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|Originally Published: Sunday, 6 August 2000||Author: Master Sibn|
|Published to: featured_articles/Featured Articles||Page: 1/1 - [Std View]|
Linux: Governing Principle
Does Linux need a different developer hierarchy? Can OSS (Open Source Software) really be viable to the home user? Who, exactly is in charge of all this?
Advocates of the Microsoft approach to doing business often say that as a matter of convenience, every piece of software has some kind of coherence to it because it all comes from one place. This is touted as a good thing since they have only one outlet to check for updates. Although this is not a great thing, it's not entirely bad, either, as anybody who has ever searched the net for the newest libpthread-m.n.so could tell you.
It's a convenience, with some flaws, but the flaws can be worked around. It is simply not feasible for the home user to depend on dozens (even two or three) different websites for updates relating to security or stability.
The fact is, it's a huge convenience to be able to find all of your needed updates at `www.microsoft.com`. Or anywhere, for that matter. Linux users have no such luxury, yet.
There are some earnest attempts to cover these, including the venerable `freshmeat.net` and `sourceforge.net`, but so far nothing is comprehensive. Actually, many things are simply not coming together. I think it's positively swell that we can choose where to get our updates, but it would be better if:
Production lines spend days spinning off exact duplicates of one part in order to ensure compatibility with every piece of hardware that uses that part. KDE 2.0 is supposed to support GTK pixmap themes; this increases the compatibility of the two environments.
UNIX systems were designed at first to have parts work together with each other, and locally they do. It's only on the internet that the keys do not match the locks. I like to have things fit together, and this simply isn't doing the system any justice at all.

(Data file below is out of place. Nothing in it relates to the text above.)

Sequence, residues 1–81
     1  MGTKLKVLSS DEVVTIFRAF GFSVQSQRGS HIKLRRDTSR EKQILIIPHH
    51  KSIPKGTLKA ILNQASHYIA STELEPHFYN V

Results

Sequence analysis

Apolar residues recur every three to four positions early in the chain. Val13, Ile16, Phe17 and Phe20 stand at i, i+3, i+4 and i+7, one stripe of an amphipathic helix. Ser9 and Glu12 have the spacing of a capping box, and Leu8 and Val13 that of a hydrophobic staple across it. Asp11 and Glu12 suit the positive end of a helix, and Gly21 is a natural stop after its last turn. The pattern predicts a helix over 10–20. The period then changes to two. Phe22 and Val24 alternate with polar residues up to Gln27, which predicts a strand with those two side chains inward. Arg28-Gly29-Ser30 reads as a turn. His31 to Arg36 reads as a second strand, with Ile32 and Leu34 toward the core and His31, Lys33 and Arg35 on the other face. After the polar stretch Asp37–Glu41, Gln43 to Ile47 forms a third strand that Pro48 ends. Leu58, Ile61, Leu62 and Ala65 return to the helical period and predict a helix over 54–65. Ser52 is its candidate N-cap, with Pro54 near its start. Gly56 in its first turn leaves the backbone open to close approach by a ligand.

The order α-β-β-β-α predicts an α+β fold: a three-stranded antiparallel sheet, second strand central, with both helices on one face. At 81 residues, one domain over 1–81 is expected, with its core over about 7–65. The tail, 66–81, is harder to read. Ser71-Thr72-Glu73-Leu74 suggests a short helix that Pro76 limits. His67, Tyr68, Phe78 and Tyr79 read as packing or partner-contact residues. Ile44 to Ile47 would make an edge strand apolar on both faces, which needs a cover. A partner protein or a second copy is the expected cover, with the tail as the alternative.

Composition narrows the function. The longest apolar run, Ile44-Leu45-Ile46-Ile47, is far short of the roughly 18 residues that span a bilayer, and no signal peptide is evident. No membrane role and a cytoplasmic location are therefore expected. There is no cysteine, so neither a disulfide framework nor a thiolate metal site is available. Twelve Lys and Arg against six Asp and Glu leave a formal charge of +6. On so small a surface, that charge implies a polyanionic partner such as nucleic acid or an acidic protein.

Also, the installations should be more generic, therefore interchangeable as well. For example, to install the Xfstt (X Font Server for TrueTypes), you have to `make && make install`. For most other programs, you must `./configure; make; make install`, and for the Kernel you must `make config; make bzImage; make dep; make modules; make modules_install` on an i386-based machine, with possibly more steps depending on what you're installing.
I can understand that the Kernel shouldn't necessarily have the same install routines as every other program because it is NOT any other program. I can understand that the way it is now is probably the best way to do it. I can't really think of any better way to do it, so we're stuck with that little inconsistency.
But really, even if a configure script is unnecesary, it should still be included; This way, when a user extracted/untarred a source archive, he could use the same generic command to install the package. The configure script could be something as simple as `echo "Configuration unnecessary. Please run 'make; make install'"`.
Some developers take an extra step and include an 'install.sh' script that will configure, make, and make install the package.
While all of these are nice steps, I think ultimately they aren't helping much. We need some more consistency. One of the obstacles to a make frontend application for X Windows is that the installation instructions must be specifically tailored to each program's installation instructions. With generic instructions, though, such a thing would cause no barrier whatever.
The objective of each developer ought to be consistency: an application is nothing if not consistent with itself and other applications, especially on the internet.
Security shouldn't be this time consuming to administer.
-msibn is in the harried process of moving to an undecided state, and offers apologies for any incoherence. While his opinions are not necessarily those of the crew at Linux.com, they are the only opinions that matter anyway. ;-)